I made my way down to the public beach and along it to the sandy point which partly enclosed the harbor. A few people, mostly women and girls, were standing at the edge of the water, facing out to sea. They looked as if they were waiting for the end of the world, or as if the end had come and they would never move again.
The surf was rising sluggishly. A black bird with a sharp beak was struggling in it. The bird had orange-red eyes, which seemed to be burning with anger, but it was so fouled with oil that at first I didn’t recognize it as a western grebe.
A woman in a white shirt and slacks waded in thigh-deep and picked it up, holding its head so that it wouldn’t peck her. I could see as she came back toward me that she was a handsome young woman with dark eyes as angry as the bird’s. Her narrow feet left beautifully shaped prints in the wet sand.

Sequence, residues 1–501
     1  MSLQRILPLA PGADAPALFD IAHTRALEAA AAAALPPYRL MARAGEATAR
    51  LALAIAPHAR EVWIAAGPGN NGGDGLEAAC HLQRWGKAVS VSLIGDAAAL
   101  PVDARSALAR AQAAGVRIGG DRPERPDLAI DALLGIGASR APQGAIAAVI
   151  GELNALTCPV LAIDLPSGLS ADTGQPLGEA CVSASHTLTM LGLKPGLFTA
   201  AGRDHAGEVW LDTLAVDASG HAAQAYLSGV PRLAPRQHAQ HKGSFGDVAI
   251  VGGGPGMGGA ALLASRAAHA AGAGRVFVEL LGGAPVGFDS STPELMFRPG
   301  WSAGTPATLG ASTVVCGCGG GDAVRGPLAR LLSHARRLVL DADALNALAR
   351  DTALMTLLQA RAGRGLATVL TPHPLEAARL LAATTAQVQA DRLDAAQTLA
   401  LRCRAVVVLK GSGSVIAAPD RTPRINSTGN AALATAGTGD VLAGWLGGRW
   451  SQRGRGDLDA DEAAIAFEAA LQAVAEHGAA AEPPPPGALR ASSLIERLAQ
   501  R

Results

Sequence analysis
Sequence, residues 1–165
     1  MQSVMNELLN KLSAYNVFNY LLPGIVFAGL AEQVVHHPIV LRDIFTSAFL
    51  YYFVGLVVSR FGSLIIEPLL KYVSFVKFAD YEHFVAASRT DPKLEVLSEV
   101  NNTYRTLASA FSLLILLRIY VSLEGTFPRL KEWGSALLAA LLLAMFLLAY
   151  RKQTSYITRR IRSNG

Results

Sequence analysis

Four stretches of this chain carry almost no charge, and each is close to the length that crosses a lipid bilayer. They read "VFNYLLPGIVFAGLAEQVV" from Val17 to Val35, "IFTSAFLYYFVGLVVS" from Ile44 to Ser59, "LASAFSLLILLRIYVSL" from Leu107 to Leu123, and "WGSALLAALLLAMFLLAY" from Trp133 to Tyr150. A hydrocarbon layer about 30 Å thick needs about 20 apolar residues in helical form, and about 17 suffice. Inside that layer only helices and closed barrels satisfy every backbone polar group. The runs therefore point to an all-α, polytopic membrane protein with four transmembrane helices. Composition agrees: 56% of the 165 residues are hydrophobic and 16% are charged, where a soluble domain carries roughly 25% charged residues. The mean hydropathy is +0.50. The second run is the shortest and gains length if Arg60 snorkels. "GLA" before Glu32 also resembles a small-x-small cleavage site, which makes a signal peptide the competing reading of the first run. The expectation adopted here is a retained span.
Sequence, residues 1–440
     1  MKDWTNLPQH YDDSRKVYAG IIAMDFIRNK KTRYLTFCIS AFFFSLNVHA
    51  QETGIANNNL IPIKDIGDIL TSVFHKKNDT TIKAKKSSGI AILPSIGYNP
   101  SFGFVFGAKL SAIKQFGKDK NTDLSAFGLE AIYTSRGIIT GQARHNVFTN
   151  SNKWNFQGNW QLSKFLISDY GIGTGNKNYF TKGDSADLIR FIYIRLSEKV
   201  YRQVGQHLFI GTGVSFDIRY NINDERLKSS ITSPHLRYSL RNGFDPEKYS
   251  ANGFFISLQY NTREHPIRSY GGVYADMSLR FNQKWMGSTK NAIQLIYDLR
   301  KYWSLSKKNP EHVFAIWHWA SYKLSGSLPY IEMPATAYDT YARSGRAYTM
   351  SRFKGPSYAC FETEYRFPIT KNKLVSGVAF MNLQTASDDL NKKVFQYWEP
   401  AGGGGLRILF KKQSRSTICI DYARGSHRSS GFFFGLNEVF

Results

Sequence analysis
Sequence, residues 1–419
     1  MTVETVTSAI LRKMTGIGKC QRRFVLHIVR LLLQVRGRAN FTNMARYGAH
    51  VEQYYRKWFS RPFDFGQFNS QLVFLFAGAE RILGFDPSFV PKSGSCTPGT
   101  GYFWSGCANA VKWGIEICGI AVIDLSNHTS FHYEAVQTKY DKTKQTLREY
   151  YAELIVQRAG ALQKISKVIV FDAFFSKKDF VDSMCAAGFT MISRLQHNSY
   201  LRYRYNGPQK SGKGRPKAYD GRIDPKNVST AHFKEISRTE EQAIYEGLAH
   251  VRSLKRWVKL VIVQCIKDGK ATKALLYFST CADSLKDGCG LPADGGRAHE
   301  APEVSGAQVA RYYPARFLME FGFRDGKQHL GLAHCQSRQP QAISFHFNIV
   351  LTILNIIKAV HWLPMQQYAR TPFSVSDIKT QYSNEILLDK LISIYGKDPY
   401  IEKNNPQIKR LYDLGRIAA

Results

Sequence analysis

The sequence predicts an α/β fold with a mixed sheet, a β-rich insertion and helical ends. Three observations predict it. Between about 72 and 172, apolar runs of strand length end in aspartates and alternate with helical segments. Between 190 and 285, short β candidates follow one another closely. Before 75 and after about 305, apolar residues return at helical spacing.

I asked her what she was going to do with the grebe.
“Take it home and clean it.”
“It probably won’t survive, I’m afraid.”
“No, but maybe I will.”
She walked away, holding the black struggling thing against her white shirt. I walked along behind in her elegant footprints. She became aware of this, and turned to face me.
“What do you want?”
“I should apologize. I didn’t mean to be discouraging.”
“Forget it,” she said. “It’s true not many live once they’ve been oiled. But I saved some in the Santa Barbara spill.”
“You must be quite a bird expert.”
“I’m getting to be one in self-defense. My family is in the oil business.”
from, “Sleeping Beauty”
by Ross Macdonald